Russia 1st, England 2nd, China 3rd at World Team Open Championship


All medals awarded

The last round of the World Team Chess Championships produced a scenario of rare intensity, as team and individual medals were decided in the last minutes.

Both gold medals had already attributed one day before the end to Russia in the open section and China in the women section, and both teams were involved in crucial matches for the podium. In an epic battle against India, the Russian seemed on the verge of losing, before Ian Nepomniachtchi eventually saved his position to a draw and Alexander Grischuk won his game. With this 2,5-1,5 loss, India unluckily had to cede the bronze medal to China, which overcame Kazakhstan by a thread. The silver medal went to England, which convincingly beat Sweden. All results, final rankings and individual medal awards can be found on . The bilingual press conference with the Russian team can be viewed on .

Both local teams performed slightly above expectations. The men’s team had a tough tournament but ended on a positive 8th place. Team leader Rinat Jumabayev was the real hero with a tremendous 5 out of 9 score. The women team reached their initial goal, a 5th place just behind the big-4 . It is clear that this ambitious young team is promised to a bright future. Zhensaya Abdumalik speaks about the tournament at .

The whole event proceeded smoothly and was organized at a very high level. The Astana International Financial Centre, partner of the World Championship, offered a perfect venue. The general sponsor ERG and the general Samruk Kazyna greatly contributed to the success of the World Team Championship.

Silver medal for England

The English national team creates a sensation at the World Team Chess Championship 2019 in Astana. Thanks to a steady high-level performance throughout the event, the men squad lead by coach Malcolm Pein earns the silver medal behind Russia.

1989 and 1990. These are the last years when England won a medal in a world team competition at chess. The collapse of the Berlin wall has caused a complete redistribution of cards, and new superpowers China and India regularly mix up in the fight for the podium.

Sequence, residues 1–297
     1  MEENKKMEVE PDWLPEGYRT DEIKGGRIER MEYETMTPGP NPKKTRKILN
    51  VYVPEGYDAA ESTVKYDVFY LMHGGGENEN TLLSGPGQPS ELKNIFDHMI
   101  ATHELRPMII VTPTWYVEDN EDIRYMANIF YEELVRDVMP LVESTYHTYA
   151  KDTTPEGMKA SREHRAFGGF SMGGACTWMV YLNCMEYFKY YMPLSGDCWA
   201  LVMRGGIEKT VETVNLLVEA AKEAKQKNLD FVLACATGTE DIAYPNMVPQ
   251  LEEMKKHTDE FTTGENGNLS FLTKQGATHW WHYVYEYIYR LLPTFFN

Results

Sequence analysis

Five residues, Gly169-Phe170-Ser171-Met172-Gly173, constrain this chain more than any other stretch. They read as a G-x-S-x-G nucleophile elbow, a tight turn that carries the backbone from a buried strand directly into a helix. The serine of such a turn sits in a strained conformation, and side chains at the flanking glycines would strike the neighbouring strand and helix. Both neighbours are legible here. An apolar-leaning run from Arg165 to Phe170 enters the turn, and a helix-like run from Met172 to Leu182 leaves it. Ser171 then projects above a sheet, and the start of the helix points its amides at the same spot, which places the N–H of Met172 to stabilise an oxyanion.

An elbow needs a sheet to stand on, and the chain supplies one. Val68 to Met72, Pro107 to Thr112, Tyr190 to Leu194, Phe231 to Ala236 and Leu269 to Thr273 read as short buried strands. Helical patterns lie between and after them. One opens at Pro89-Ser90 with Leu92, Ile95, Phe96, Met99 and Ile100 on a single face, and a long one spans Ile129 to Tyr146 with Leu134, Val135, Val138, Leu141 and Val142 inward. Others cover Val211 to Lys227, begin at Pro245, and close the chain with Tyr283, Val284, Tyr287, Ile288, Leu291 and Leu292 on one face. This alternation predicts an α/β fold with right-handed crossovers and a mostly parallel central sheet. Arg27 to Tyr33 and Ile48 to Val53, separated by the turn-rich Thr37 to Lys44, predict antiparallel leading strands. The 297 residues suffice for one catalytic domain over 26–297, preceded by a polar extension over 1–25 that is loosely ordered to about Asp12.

Yet this time, England overcame all hurdles and reached second place. Malcolm Pein bet on a risky team strategy, and it paid off. Reserve player Jonathan Speelman came to Astana mostly to help his colleagues in their pre-game preparation. He played only one game in the middle of the tournament when Gawain Jones felt unwell. The tension for players at such top events is so high, that they normally like to rest in one or another round to recover energy. Michael Adams had a rough time on the top board. His dedication for the team is exemplary, as he played through until the end. His sup-par score was largely compensated for by the strong performance of his teammates. Luke McShane earned the individual gold medal on the second board with 6 points in 9 games. David Howell got the bronze medal on board 3 with 6 out of 9 and Gawain Jones the silver medal on board 4 with 5,5 out of 8).

In this very open competition, all teams lost points against each other. Crucial for the English success was without a doubt the 2-2 draws vs gold medallist Russia, USA and India.

Final standings

  1. Russia 16 out of 18 (23,5 individual points)
  2. England 13 (21)
  3. China 12 (21)
  4. India 11 (22)
  5. USA 11 (20,5)
  6. Iran 8 (18)
  7. Azerbaijan 8 (16,5)
  8. Kazakhstan 4 (14,5)
  9. Sweden 4 (10,5)
  10. Egypt 3 (12,5)

Individual scores of the English players

  1. GM Michael Adams 3,5 out of 9
  2. GM Luke McShane 6 / 9 (individual gold)
  3. GM David Howell 6 / 9 (individual bronze)
  4. GM Gawain Jones 5,5 / 8 (individual silver)
  5. GM Jonathan Speelman 0 / 1